TRENTON, N.J. (CBSNewYork/AP) — A law firm hired by Gov. Chris Christie says the governor was not involved in a plot to create gridlock near the George Washington Bridge as part of a political retribution scheme.
The taxpayer-funded report was released Thursday by lawyer Randy Mastro.READ MORE: Rangers Stay Red Hot, Get 4 Points From Panarin In Rout Of Blackhawks
Mastro and five former prosecutors reviewed the governor’s personal email and interviewed his staff, CBS 2’s Jessica Schneider reported.
It concludes the September lane closures were intended to target Fort Lee Mayor Mark Sokolich, but that there was no evidence it was because the mayor wouldn’t endorse Christie.
“We found that Gov. Christie had no knowledge beforehand of this George Washington Bridge realignment idea and that he played no role whatsoever in that decision or the implementation of it,” Mastro said at a news conference.
“Based on our investigation, that David Wildstein was the person who originated this idea and orchestrated it, that David Wildstein went to Bridget Kelly for approval from the governor’s office and that they had an ulterior motive for implementing that decision,” Mastro said, but adding that the report did not conclude what that ulterior motive was.
Mastro said that Kelly, who did not cooperate with the report, tried to cover her tracks when Christie began asking what happened last year by asking a colleague to delete an email about the plot. But the other staffer retained the email anyway, the report said.
Mastro also said that Wildstein suggested he mentioned traffic issues in Fort Lee to Christie at a public event during the lane realignment. But he said Christie did not recall it being brought up and if it was, it would not have registered as significant to Christie, something the governor has said before.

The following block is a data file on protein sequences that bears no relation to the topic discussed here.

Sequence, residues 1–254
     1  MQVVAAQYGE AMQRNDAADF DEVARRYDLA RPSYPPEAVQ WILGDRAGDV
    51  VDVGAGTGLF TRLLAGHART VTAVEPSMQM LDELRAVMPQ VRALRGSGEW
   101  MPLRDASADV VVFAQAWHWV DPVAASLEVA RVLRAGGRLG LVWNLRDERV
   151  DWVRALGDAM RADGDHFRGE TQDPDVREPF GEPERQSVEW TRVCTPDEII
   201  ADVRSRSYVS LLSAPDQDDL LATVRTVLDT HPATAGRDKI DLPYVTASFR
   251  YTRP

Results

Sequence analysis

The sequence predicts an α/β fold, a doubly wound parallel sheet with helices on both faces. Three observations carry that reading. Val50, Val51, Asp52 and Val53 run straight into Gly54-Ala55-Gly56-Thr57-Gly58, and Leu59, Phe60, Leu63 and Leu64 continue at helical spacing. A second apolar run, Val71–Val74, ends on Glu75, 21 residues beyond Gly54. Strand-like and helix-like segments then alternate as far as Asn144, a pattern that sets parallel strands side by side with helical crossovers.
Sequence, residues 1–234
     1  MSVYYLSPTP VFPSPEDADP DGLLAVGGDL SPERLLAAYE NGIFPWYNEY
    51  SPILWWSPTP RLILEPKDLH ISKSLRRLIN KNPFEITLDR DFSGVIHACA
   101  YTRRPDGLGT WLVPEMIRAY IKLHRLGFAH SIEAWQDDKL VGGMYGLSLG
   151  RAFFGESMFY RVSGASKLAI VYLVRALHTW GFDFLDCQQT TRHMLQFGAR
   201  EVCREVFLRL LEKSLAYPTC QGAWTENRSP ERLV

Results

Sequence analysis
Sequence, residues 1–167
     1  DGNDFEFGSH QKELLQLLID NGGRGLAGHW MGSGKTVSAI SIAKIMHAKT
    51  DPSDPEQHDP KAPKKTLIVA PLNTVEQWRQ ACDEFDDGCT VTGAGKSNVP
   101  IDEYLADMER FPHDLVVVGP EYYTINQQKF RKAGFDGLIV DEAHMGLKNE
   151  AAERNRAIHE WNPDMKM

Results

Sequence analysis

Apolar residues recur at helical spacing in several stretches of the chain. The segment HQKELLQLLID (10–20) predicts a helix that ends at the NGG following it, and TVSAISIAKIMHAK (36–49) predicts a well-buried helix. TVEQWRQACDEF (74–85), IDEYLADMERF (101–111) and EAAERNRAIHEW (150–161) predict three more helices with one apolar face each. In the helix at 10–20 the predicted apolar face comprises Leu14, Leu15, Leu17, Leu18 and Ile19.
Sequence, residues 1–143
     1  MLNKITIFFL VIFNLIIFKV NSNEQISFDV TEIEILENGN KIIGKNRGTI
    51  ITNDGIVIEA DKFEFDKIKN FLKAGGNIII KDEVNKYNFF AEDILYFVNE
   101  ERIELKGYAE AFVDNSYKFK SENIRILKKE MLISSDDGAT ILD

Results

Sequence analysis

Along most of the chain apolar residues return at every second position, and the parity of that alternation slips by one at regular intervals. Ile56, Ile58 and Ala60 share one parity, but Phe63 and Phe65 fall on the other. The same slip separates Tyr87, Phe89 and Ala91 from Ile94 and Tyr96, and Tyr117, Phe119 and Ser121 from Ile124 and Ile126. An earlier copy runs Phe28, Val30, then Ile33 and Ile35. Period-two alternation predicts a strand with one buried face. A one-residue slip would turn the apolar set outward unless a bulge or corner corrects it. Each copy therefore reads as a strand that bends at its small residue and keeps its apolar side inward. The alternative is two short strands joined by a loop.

The report relied on interviews with Christie and other officials in his administration and 250,000 documents, many of them emails and text messages.
Democrats said the report is incomplete because it does not include interviews with people central to the plot, including former political adviser Bill Stepien and Kelly, who sent the message, “Time for some traffic problems in Fort Lee.”
Christie said requests were sent to Stepien, Kelly and other key players, including Sokolich and Wildstein, but all refused to be interviewed.
The internal report claims Kelly and Stepien had a personal relationship that eventually cooled off, CBS 2’s Christine Sloan reported. Emails obtained by Mastro claim Kelly told a co-worker she was sorry to tarnish her office. In another, Kelly apparently says “I am on fire … I am irate” after allegedly finding out Fort Lee’s mayor spoke to her male co-worker. State Sen. Loretta Weinberg said it says something about Christie’s leadership.
“What they’re describing is the kind of manager … who hired two people he now describes as looney,” Weinberg said.
The report came out ahead of any results from independent investigations by federal prosecutors and a special committee of state lawmakers.
Mastro’s report also found no evidence that Christie tied Superstorm Sandy aid for Hoboken to support for a private redevelopment project and called Mayor Dawn Zimmer’s allegations “demonstrably false.”
Zimmer claimed she received threats from, among others, Lt. Gov. Kim Guadagno to advance a stalled real estate project in Hoboken. Zimmer has said she was led to believe her approval of the project was tied to how much Sandy aid Hoboken would receive.READ MORE: NYC Hospitality Alliance: Mayor De Blasio 'Grinch' For Vaccine Mandate That May Keep Tourists With Young Children Away